"It's a revolving door out there," Achter said Tuesday, five days after being sent down to Triple-A for the second time this season. "There's no real continuity because of the injuries up here."
The Angels' Major League DL doesn't include Tyler Skaggs, who was optioned to Triple-A to begin the season. It does include three other starting pitchers (Garrett Richards, Andrew Heaney, C.J. Wilson), two left fielders (Nava and Craig Gentry), one shortstop (Andrelton Simmons), one utility infielder (Cliff Pennington), one closer (Huston Street) and one long reliever (Rasmus).
The Angels have used 35 players, fewer than only the Rangers (36) and Twins (37) in the American League, and they've had six players land on the shelf since the start of May.
The Salt Lake Bees have noticed.
They had a bullpen game on Friday, started by reliever Chris O'Grady, and had to start outfielder Todd Cunningham at third base and third baseman Kaleb Cowart at shortstop. The Bees then flew to Colorado Springs the next day and endured an 18-inning game, forcing outfielder Quintin Berry to get on the mound and throw 41-mph eephus pitches.
"It was nuts," Achter said, "especially in Colorado Springs, where the ball flies all over the place. It's not the best place to pitch."
Rasmus tweaked his right groin when he last pitched on Thursday and didn't improve, prompting the Angels to place him on the shelf. The 28-year-old right-hander has struggled to a 5.59 ERA, a 1.40 WHIP and a 0.92 strikeout-to-walk ratio in 19 1/3 innings. He is eligible to be activated as early as May 28.
"It's contagious in this area," Rasmus said of groin injuries. "Stay away."
Nava tweaked his groin while backing up Mike Trout on a fly ball in the early stages of Monday night's 7-6 victory at Dodger Stadium. The 33-year-old switch-hitter was just 10 days into his return from a three-week absence from tendinitis in his left knee and was starting to show positive signs at the plate, with five hits over his previous four games.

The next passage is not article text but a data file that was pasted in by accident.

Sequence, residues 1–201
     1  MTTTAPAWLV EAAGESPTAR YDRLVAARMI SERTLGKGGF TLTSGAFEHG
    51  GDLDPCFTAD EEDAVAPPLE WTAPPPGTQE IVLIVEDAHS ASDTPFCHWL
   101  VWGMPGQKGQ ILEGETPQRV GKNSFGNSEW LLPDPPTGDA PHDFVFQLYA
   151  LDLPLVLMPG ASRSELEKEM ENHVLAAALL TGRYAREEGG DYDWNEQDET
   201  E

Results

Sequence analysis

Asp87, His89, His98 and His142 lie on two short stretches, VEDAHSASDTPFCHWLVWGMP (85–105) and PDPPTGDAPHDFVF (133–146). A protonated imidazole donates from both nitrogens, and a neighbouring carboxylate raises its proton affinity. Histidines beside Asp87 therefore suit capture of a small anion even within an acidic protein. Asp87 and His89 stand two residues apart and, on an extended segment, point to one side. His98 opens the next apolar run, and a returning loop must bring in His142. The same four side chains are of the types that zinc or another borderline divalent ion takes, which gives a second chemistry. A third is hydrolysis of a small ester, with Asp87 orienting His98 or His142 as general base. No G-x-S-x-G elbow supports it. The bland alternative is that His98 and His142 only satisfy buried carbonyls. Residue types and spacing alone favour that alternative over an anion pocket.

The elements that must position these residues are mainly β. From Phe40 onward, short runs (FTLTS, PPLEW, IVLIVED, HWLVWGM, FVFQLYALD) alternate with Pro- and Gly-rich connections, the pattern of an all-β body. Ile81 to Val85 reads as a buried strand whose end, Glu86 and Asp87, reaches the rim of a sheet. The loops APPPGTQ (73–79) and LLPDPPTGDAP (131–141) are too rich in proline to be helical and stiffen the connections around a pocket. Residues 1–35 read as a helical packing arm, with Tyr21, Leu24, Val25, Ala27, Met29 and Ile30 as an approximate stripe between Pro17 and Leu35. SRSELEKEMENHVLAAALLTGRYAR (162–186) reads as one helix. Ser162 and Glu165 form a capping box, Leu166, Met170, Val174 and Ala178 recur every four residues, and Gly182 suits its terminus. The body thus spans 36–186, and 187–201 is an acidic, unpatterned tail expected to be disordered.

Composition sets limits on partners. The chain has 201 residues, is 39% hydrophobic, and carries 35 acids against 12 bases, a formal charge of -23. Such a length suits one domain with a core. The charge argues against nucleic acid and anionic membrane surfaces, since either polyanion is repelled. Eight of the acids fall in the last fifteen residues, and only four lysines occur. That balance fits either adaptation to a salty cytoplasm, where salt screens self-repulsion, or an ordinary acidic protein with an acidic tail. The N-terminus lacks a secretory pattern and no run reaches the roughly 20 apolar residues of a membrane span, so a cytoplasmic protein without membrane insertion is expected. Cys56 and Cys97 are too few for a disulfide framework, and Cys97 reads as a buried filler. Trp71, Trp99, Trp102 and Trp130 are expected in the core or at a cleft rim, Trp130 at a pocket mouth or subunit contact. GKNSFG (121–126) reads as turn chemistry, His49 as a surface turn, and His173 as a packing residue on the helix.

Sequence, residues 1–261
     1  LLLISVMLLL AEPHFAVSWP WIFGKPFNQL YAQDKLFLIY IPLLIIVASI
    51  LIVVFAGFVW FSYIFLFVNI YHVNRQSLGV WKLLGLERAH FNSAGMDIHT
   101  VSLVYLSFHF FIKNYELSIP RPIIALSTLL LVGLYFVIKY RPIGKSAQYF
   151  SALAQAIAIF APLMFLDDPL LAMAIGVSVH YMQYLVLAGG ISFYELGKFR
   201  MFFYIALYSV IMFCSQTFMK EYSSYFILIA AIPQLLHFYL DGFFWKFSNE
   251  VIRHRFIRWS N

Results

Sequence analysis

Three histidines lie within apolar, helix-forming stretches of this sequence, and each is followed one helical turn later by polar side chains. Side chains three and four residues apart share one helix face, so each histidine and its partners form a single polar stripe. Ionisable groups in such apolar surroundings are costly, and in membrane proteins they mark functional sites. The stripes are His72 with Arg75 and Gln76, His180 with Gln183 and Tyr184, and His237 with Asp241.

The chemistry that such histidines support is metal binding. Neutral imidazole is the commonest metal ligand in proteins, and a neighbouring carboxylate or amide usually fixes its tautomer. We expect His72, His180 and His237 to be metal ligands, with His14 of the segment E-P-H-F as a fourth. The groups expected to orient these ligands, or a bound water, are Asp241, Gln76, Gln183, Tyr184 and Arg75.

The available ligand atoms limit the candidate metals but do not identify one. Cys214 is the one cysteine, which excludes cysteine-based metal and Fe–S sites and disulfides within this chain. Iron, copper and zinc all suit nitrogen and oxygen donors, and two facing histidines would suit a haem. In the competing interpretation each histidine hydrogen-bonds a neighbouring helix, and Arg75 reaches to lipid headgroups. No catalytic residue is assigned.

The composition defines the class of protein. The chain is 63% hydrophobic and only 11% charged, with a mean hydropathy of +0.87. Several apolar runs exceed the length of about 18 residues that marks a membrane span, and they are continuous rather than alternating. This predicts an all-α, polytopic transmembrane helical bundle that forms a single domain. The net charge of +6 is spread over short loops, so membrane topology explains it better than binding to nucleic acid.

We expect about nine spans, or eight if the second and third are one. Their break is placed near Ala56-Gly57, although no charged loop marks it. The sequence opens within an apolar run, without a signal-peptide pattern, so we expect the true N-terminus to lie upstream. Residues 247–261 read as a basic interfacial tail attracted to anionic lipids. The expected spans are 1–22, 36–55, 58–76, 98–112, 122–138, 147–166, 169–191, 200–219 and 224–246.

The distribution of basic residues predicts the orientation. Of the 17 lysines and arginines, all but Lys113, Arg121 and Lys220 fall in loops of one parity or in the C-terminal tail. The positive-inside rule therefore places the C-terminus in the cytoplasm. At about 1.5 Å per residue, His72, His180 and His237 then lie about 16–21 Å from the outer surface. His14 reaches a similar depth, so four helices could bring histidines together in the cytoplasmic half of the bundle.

Ortega -- 15-for-51 in a prior stint with the Angels -- will start in Nava's place against right-handers.
"I've never had an issue like this before, so I don't have anything to compare it to, to have a baseline," said Nava, with a .222/.286/.311 slash line in 49 plate appearances. "Everything that they're telling me is that they don't think it should be more than two weeks, just based on where it's located on the muscle. That's great news for me, but obviously it's frustrating because things were just getting going."
• Wilson is slated to throw a second simulated game on Friday at Angel Stadium, four days after a three-inning, 45-pitch simulated game at Dodger Stadium. If Friday goes well, Wilson hopes to start pitching in Minor League rehab games. The 35-year-old left-hander is aiming to return right around the time he's first eligible, on June 2. Based on his current plan, he can pitch in two or three Minor League games before then.
• The Angels' agreement with veteran starting pitcher Tim Lincecum is still at least a day or two from completion. The two sides must first iron out contractual details, and then Lincecum must pass a physical examination, which isn't necessarily a formality, given his hip surgery. Lincecum would probably need three to four weeks before he is deemed ready to pitch in the Major League rotation. The 31-year-old right-hander hasn't appeared in a game since June.
• The Angels have agreed on a Minor League deal with veteran lefty David Huff, who will be stretched out as a starting pitcher and could serve as a long reliever in the Majors. Huff has a 5.08 ERA in 388 Major League innings, spread out over seven seasons, and recently exercised his opt-out from his Minor League deal with the Royals. Lefty reliever Neal Cotts exercised his opt-out with the Angels, who have 48 hours to add him to the roster or grant his release.
• A story on Monday stated that Heaney had a platelet-rich plasma injection in his injured elbow a couple of weeks ago, but Heaney actually had stem-cell therapy, which is the same procedure rotation-mate Richards opted for on Monday. The Angels initially identified Heaney's non-surgical alternative as a PRP shot, which is a similar concept. Stem-cell therapy involves extracting stem cells from bone marrow and injecting them into the damaged ulnar collateral ligament.